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One of the greatest myths in PCB design is that we only have to route signal traces from pin-to-pin to make a complete connection. And, that ensuring these traces have matched delay is the only timing issue we need to consider. However, current is not a one way trip--it must complete the circuit back to the source to provide the round-trip current loop. This misconception comes from the fact that we only draw the pin-to-pin connections on the schematic and ground the chips at one point.
Current always flows in a loop. However, it does not go down to the end of the trace, to the load, and then begin to make its way back to the source. But rather, the outbound pulse charges the local parasitic capacitance as it propagates down the transmission line and returns to the driver. As the pulse progresses down the line, current returns to the source as the wave front moves until it finally reaches the load. If the return path is disrupted and does not flow directly beneath the trace, the loop area and hence delay are extended. This generally results in increased emissions of radiation.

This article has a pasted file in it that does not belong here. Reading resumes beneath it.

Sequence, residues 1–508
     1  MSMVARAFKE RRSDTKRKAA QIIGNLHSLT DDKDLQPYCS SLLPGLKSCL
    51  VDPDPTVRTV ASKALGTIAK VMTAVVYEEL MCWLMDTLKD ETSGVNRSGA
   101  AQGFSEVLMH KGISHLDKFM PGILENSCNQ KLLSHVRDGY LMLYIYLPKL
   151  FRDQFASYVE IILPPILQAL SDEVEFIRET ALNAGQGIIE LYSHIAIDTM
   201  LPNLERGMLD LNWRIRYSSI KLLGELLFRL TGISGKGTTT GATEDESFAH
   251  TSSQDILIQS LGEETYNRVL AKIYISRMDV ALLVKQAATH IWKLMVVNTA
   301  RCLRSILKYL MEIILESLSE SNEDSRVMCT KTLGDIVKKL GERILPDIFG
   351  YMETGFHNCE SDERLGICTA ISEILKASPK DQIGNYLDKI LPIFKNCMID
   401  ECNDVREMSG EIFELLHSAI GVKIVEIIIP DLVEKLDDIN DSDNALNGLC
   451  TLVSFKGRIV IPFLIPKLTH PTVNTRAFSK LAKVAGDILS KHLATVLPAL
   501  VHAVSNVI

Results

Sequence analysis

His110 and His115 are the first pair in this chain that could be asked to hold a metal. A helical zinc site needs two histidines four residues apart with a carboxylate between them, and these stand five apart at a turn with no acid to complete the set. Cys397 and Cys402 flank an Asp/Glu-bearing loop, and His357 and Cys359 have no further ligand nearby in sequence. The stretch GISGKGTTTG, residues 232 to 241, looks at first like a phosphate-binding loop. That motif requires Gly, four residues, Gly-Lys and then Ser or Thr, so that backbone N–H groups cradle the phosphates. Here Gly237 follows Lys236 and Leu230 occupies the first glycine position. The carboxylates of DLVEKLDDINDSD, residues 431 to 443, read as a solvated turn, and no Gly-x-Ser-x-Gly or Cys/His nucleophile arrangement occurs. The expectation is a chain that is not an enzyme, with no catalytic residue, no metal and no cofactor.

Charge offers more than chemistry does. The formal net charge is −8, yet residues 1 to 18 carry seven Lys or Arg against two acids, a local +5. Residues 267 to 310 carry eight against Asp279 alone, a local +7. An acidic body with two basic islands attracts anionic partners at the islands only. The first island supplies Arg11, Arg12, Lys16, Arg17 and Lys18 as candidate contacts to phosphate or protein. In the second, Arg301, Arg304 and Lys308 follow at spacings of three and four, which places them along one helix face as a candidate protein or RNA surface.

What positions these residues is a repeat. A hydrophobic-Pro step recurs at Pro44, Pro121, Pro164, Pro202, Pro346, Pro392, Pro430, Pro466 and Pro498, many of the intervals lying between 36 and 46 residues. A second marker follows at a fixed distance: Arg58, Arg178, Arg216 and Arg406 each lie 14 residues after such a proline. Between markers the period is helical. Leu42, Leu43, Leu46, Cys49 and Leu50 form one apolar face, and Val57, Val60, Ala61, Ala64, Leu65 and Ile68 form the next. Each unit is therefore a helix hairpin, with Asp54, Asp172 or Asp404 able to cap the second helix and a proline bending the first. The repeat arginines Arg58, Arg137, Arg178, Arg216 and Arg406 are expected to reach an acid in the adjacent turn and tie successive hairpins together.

In a previous column, The Dumping Ground, I discussed why the ground plane is not a dumping ground for unwanted signals. Most PCB designers think that the ground only serves to make the routing easier, allowing the designer to ground anything, anywhere without having to run multiple tracks. Generally, a component requiring a ground connect is just grounded at any point on the board creating the connection. But this does not consider the return current path which is just as important as the actual trace routing for high-speed design.
In a DC circuit, the return current takes the path of least resistance. But at high speeds, the return current takes the path of least inductance which just happens to be the reference plane (either ground or power) directly above or below the trace.
Read the full column here.
Editor's Note: This column originally appeared in the April 2014 issue of The PCB Design Magazine.